Sandra Hodgkinson served as the Coalition Provisional Authority's director of human rights in 2003 after the United States' attack against Iraq. An on-line military publication places Hodgkinson in Baghdad with Department of Defense reconstruction and humanitarian assistance planners March 16, 2003, nearly three weeks before US tanks rolled into the city's downtown.
The American Forces Press Service, provided by the United States Department of Defense, American Forces Press Service, reports that Hodgkinson worked several years before the war developing plans for human rights investigations in Iraq:
"The human rights specialist is from the State Department's Bureau of Democracy, Human Rights and Labor. She is also a Navy Reserve judge advocate general officer with the International and Operational Law Unit at the Pentagon. She's worked as a military prosecutor and an instructor in crimes against humanity issues through the International Military Education and Training program.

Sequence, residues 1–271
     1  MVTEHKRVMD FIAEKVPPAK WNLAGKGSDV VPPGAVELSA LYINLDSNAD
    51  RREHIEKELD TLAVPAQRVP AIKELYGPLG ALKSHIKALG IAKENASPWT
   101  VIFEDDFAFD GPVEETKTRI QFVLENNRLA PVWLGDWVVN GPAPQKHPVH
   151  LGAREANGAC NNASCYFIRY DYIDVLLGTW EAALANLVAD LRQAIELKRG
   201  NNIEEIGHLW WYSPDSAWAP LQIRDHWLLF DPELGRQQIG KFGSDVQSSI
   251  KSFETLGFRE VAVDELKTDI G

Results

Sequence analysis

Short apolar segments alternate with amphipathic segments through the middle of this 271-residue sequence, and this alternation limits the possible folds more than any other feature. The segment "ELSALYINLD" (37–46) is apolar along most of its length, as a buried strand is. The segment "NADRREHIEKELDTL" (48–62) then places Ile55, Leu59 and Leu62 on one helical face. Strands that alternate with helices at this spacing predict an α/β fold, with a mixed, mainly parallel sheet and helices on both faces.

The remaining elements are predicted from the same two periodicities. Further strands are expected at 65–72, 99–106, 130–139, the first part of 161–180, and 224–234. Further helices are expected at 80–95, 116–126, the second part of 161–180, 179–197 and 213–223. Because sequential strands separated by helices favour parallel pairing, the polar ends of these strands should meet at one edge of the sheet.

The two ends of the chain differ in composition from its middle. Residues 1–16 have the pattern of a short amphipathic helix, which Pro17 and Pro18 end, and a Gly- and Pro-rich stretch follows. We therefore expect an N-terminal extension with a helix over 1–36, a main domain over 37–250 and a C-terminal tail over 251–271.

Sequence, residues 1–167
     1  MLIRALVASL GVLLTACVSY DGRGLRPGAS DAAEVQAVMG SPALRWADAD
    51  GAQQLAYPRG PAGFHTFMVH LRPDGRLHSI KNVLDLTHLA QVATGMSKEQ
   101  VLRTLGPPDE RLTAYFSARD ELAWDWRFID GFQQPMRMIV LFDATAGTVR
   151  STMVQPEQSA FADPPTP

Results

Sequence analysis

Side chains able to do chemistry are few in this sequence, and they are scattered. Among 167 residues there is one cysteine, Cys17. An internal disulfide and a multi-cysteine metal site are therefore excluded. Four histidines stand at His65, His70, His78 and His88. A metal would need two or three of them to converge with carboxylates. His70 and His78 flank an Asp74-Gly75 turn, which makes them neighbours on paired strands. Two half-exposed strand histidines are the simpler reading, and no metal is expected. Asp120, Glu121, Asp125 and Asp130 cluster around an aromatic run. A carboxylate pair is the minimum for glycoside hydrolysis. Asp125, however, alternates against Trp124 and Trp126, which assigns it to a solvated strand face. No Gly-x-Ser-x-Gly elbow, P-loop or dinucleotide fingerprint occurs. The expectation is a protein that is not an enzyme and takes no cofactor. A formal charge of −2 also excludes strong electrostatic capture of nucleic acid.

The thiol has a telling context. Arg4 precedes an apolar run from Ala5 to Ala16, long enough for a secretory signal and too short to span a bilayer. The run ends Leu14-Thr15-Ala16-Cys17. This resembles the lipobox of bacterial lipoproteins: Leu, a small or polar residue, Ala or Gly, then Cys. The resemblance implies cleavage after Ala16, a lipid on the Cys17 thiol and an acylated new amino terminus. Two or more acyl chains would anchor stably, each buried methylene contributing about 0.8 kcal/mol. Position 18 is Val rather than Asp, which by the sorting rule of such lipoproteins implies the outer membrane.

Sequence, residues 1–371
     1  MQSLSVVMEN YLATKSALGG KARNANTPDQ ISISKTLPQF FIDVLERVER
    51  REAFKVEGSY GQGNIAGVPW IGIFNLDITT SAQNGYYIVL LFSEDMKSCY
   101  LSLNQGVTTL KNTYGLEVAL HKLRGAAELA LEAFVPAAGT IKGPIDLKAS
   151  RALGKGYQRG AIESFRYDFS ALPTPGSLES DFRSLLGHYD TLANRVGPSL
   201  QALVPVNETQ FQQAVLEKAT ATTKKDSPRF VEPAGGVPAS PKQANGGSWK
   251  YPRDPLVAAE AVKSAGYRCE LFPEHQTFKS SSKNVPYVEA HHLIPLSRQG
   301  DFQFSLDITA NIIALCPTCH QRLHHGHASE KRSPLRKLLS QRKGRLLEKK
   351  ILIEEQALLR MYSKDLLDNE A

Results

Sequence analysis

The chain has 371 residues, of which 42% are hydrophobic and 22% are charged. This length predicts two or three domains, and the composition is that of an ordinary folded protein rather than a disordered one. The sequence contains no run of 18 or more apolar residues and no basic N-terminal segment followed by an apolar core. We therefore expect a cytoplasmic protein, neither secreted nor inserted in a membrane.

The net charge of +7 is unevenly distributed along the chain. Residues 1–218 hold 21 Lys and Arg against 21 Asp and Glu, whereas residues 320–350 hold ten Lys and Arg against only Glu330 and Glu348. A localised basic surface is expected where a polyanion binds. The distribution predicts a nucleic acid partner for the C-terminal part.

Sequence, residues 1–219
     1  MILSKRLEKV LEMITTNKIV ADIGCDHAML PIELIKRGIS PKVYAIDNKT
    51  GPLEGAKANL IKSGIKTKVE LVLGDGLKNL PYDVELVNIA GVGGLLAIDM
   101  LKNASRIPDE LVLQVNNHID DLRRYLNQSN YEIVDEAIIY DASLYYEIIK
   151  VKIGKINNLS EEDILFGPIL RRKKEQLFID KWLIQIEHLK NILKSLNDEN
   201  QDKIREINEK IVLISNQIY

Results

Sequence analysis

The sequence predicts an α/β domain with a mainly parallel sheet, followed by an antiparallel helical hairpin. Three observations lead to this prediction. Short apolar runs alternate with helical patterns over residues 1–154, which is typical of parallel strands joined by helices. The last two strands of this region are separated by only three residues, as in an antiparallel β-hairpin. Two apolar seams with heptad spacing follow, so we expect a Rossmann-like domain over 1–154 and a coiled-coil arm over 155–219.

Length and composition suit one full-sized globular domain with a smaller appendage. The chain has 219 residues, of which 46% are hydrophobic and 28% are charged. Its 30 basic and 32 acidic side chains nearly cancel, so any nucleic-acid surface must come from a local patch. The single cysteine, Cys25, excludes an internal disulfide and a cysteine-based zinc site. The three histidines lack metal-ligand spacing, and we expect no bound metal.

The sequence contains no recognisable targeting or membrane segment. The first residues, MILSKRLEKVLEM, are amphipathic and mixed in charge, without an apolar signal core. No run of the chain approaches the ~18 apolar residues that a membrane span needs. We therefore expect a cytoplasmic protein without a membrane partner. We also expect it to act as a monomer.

"Under the Iraqi Liberation Act of 1998, defense officials provided some war crimes and crimes against humanity training at the Defense Institute of International Legal Studies in Newport, R.I., for the Iraqi opposition. 'I was the course coordinator and an instructor for that program,' Hodgkinson said, 'which early on, got me working with Iraqi opposition in areas related to crimes against humanity, human rights protection and how to investigate and preserve evidence of these crimes.'
"In her civilian capacity, Hodgkinson has participated in the State Department's Future of Iraq Project, and about two years ago, she spoke at a Human Rights and Transitional Justice seminar arranged by the Iraqi National Congress in London. In February she began working with the Defense Department's Office of Reconstruction and Humanitarian Assistance, deploying first to Kuwait and then to Baghdad on March 16." 
By early 2006, Hodgkinson was Deputy Director at the Office for War Crimes Issues. In that capacity, she appeared on BBC Radio 4's Today programme to defend detention without trial at Guantanamo Bay following the publication of a critical report by UN human rights envoys.
In the interview, Hodgkinson:
- said that "it has been a time tested principle that individuals can be detained in times of armed conflict indefinitely. There's no requirement they be brought to a court in times of armed conflict... that's the tradition under the Geneva Conventions".
- stated that the purpose of forced feeding at the base was to keep the detainees as "healthy and safe as they can be as detainees"
- ^ Running order, BBC Radio 4 Today programme, February 15, 2006. Featuring Hodgkinson at 0750 hrs (RealAudio stream of the interview)